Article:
Many popular fitness disciplines move from land into the water. Here are some of the newer trends that are worth checking out, from aqua yoga to Aqua Zumba.
The fitness world sees a constant stream of innovative new disciplines (and variations on existing activities) that promise to combine physical exercise with fun. Some immediately fade into obscurity or become only short-lived fads, while others gain more traction and become ubiquitous. Many of the more popular land-based trends make their way into the pool as well. A few old aqua fitness favourites are still going strong, like water aerobics and aqua spinning, but there are some more recent trends worth looking into as well. Here are a few options to check out.
Yoga is an ancient practice, of course, but it has become undeniably trendy in recent years. If you’ve tried land-based yoga and wondered what all the fuss was about, consider giving the practice a second chance in the water. Water changes the discipline in several ways. Your movements face greater resistance and your muscles must contract differently to maintain a steady pose, and the body’s buoyancy means you don’t need to support your full weight. Some movements and poses are more difficult in the water and others are easier. Like its terrestrial counterpart, aqua yoga is great for building strength, flexibility and body awareness, but it’s generally not a huge calorie burner (though this varies greatly based on the type of yoga—hatha burns the fewest calories—and the specific class, as many instructors will add more vigorous movements to keep you warm if the water temperature is on the cooler side, for example). With its typical focus on relaxation and concentration, aqua yoga wouldn’t generally be categorized as particularly fun, per se, but it can be deeply satisfying.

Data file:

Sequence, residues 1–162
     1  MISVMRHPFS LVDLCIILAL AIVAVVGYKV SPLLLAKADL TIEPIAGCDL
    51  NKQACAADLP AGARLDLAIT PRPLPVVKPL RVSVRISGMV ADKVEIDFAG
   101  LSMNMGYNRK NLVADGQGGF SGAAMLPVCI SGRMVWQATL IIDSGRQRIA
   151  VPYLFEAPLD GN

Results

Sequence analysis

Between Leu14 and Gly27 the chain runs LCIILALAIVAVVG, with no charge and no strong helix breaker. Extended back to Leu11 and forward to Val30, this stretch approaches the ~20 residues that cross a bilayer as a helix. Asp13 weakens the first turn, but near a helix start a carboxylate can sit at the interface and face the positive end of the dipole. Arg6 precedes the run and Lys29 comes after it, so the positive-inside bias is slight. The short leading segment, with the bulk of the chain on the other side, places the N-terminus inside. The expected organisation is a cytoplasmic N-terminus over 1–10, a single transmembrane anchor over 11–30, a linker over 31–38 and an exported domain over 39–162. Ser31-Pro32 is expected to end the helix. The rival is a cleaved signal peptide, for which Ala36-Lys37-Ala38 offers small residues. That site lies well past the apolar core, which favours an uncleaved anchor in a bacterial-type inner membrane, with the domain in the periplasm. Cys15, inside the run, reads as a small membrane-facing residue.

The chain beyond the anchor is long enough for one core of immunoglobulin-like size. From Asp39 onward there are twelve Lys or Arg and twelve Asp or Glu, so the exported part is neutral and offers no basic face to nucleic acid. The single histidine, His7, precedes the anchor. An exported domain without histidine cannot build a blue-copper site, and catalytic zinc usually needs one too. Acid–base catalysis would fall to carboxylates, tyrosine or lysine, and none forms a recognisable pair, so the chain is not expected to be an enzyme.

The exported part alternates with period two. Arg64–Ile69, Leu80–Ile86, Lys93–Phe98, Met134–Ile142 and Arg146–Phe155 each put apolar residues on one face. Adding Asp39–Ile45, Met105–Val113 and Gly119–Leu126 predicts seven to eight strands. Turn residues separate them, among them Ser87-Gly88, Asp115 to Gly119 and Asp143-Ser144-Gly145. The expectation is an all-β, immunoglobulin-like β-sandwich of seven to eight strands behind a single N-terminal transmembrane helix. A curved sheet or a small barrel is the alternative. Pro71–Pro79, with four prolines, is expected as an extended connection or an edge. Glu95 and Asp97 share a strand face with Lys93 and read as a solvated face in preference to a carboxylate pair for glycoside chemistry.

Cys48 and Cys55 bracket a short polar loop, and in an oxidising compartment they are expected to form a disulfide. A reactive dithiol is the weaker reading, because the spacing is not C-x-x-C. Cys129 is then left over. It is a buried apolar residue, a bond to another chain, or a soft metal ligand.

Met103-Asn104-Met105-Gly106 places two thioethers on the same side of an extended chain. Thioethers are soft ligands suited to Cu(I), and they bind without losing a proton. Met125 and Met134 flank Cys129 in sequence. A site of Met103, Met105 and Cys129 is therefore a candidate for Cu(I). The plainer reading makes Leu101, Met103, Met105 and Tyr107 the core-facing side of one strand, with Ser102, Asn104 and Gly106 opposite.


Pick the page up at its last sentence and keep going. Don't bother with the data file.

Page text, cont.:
Like aqua yoga, aqua Pilates is a mindful movement discipline that provides primarily strength and flexibility benefits rather than calorie burning. Aqua Pilates has a stronger focus on the body’s core muscles (stabilizing and lengthening as well as strengthening) and often incorporates equipment such as balls and pool noodles. Some classic Pilates movements cannot be done in the pool, but a great many transfer well, with the resistance and buoyancy of the water adding a unique twist to the exercises. As with yoga, the ‘fun quotient’ is more likely to be determined by the degree of companionship with like-minded individuals in the class rather than the activity itself.
Aqua Pole Dancing
Pole dancing has long since moved beyond the strip club and is recognized as a high-intensity, fat-burning and muscle-toning form of exercise. Aqua pole dancing uses many of the same moves as traditional pole dancing, adapted to the water. (The steel poles are stable; they have a weighted base that’s attached to the bottom of the pool with suction pads, in case you’re worried.) The exercises are great for toning your upper body in particular, as you have to continually move yourself up and down the pole. Practitioners say you can burn up to 500 calories in a 45-minute class. It’s all set to music, of course, which makes for a fun, high-energy atmosphere.
If you love dancing, Aqua Zumba could be for you. Like terrestrial Zumba, Aqua Zumba emphasizes moves from Latin-flavoured dances such as the salsa, merengue and mambo, but slowed down a bit to account for the greater resistance of the water. Fun music and a good instructor can almost make you forget that you’re in an exercise class—but you’ll still burn 500 to 600 calories per session.
One of the newest trends to hit the pool is Aquaphysical, a combination of yoga poses and high-intensity interval training performed on a floating mat. The full-body workout includes moves like lunges, burpees and planks. The almost inevitably unsuccessful effort to keep your equilibrium is part of the fun, and you can burn up to 800 calories in a 45-minute class.
What’s your favourite aqua fitness discipline?